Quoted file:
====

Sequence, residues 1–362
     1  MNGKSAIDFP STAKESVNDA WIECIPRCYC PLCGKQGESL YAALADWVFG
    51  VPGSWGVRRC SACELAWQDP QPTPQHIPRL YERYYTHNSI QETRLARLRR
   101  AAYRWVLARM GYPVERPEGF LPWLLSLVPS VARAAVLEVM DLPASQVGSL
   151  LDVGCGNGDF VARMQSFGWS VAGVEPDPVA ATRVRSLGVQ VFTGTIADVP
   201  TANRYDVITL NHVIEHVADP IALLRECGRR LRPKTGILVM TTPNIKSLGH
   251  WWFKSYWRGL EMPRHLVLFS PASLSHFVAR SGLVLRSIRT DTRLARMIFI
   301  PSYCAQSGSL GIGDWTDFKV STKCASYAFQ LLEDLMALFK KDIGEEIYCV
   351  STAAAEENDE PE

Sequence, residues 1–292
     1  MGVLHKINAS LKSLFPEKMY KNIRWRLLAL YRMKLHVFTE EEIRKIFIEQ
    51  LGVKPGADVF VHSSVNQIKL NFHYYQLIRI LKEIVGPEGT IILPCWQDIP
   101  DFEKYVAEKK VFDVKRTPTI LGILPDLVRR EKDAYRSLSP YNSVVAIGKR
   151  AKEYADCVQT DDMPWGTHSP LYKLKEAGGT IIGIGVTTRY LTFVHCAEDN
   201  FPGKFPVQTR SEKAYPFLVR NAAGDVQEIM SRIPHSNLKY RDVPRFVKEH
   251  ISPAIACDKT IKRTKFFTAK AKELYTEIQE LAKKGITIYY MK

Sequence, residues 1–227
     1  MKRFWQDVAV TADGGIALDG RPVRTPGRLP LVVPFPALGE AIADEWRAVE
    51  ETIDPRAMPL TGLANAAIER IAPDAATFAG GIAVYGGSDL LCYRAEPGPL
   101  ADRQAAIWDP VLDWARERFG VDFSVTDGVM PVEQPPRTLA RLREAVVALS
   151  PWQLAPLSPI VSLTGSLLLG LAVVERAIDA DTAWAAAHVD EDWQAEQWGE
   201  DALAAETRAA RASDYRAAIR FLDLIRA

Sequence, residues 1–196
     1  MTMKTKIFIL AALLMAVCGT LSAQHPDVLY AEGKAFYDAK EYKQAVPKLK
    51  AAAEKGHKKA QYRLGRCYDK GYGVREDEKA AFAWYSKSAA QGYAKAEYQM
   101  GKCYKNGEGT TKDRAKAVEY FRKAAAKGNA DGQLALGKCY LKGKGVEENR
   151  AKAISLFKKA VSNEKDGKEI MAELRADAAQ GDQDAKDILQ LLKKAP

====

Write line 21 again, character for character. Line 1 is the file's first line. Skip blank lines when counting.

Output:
   151  PWQLAPLSPI VSLTGSLLLG LAVVERAIDA DTAWAAAHVD EDWQAEQWGE